If you can help it, do not confine yourself when doing research. Good research questions often lead to more questions. You should have something to guide your search, and I am the first person to admit that I consistently get my butt kicked by my dissertation committee for making sure I have well thought out research question. A research question is your guide in the archives. It will help you narrow your search and use your time effectively, rather than getting lost in details that, while interesting, do not help you complete your project.

4. Evaluate your sources.

Remember: Humans are not infallible. Everyone has motivations for why they put something to paper. It is never too early to think about the intentions behind the information you are looking at. Read critically and skeptically. Not everything is a conspiracy, but you cannot always take what you are looking at at face value. Crappy historians and conspiracy theorists often create “smoking guns” simply by not evaluating a piece of information and looking at the context in which it was created. It never hurts to ask yourself questions that might be raised by others about your sources. Is what is being said actually accurate? Is there a possible reason why it might not be? This is good to keep in mind. Also, any good librarian will tell you to use the CRAAP test when evaluating sources. I cannot stress how important information literacy is in our current age. Use it!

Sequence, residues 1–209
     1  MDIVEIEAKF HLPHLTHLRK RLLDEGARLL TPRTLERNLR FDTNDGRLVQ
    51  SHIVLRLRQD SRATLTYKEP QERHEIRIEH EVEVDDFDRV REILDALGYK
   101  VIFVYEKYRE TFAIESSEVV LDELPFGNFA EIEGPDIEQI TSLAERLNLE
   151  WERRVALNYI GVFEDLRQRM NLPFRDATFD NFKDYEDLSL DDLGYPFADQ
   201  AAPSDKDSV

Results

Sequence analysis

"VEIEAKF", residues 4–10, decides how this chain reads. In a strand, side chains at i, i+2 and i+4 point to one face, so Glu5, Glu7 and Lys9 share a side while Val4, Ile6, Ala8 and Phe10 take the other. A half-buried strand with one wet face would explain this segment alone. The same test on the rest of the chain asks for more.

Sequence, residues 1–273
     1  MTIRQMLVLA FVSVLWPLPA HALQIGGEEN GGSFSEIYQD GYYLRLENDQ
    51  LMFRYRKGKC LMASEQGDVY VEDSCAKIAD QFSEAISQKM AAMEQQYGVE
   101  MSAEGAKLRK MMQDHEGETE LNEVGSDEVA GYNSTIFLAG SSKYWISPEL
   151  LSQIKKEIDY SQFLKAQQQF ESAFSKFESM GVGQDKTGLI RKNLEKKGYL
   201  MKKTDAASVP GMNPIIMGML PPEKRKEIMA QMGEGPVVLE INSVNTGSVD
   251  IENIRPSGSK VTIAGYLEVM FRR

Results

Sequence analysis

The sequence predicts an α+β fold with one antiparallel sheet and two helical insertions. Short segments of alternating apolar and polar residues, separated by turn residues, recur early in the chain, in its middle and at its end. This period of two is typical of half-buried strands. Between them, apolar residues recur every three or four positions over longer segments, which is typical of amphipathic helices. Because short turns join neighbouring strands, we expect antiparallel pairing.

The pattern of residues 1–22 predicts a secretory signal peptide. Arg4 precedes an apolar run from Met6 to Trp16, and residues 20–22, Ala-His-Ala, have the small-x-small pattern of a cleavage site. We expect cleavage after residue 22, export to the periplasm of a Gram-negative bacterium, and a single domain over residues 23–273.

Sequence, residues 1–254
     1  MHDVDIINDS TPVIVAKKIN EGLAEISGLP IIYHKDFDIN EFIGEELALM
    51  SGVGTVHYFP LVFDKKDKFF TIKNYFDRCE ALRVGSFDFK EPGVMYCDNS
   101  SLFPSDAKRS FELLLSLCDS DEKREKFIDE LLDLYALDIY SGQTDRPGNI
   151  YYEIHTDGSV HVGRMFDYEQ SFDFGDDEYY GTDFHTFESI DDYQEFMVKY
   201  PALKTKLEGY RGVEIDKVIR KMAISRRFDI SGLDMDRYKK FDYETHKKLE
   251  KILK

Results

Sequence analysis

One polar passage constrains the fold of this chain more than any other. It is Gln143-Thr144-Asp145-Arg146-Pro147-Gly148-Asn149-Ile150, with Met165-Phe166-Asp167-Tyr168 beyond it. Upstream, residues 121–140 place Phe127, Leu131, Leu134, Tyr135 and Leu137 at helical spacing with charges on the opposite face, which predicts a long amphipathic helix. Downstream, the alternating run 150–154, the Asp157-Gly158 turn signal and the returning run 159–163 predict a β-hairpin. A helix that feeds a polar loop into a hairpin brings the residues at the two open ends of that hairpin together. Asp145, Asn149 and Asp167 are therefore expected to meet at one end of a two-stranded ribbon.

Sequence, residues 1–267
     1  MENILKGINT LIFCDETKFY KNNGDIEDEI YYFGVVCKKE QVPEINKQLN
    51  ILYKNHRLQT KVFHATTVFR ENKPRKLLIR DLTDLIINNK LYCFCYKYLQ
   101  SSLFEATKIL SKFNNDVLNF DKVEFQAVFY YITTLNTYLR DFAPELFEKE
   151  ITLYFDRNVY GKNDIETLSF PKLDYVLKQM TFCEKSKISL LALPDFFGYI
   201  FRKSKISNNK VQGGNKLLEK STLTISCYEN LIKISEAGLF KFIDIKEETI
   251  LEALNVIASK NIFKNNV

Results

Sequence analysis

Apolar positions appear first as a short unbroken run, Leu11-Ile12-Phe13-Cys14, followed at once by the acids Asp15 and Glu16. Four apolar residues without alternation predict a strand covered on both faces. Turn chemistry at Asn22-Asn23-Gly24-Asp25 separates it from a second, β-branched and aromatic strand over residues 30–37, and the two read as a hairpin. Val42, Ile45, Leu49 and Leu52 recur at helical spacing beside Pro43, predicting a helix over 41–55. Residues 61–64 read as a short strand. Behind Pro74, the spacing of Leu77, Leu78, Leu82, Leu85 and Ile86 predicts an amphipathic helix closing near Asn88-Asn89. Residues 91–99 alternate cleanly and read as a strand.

5. Record box and file numbers!

There is very little that is more annoying for a scholar than to look at the footnotes in a book that just made some major point, and find an incomplete footnote. This essentially means that if you really want to follow up (which is the whole point of a footnote!) then you have to redo the research. This could take hours, weeks, or years to figure out what the writer was referencing. You may never find it. There are certainly cases where this is true in my own research quests.

Write down box and file numbers! If you’re at the U.S. National Archives, keep in mind that there are often Entry numbers, each with their own numerical sets of boxes. The more information you can provide on how to find this source, the more appreciative future scholars will be. A good method, if you are allowed to use digital photography, is taking a picture of the label on the box you are looking at. It also helps to take pictures of any labels or writing on folders, too.

6. Digital Photography

If you are allowed to take photos, here are a couple pointers. Pick a place in the reading room with decent light and less glare, if possible. Take a picture that captures a little more than the page you are looking at. I learned this lesson working with a good friend who is an expert in FBI docs. He pointed out that there were often important codes printed on the edges of reports, which contain designations that help tell you what topic the source is about and the agency analyzing the source.

Also, if time permits, take photos of whole folders in their entirety. Get every page. You never know when a page before or after the document that interests you might also have important information on it. I realize that this is not always possible because of the sheer volume of paper in some collections; however, given the increasing cheapness of digital storage, storing lots of photos should not be a major problem. Also, digital collections can be very useful in the future and help create a backup of important historical documents.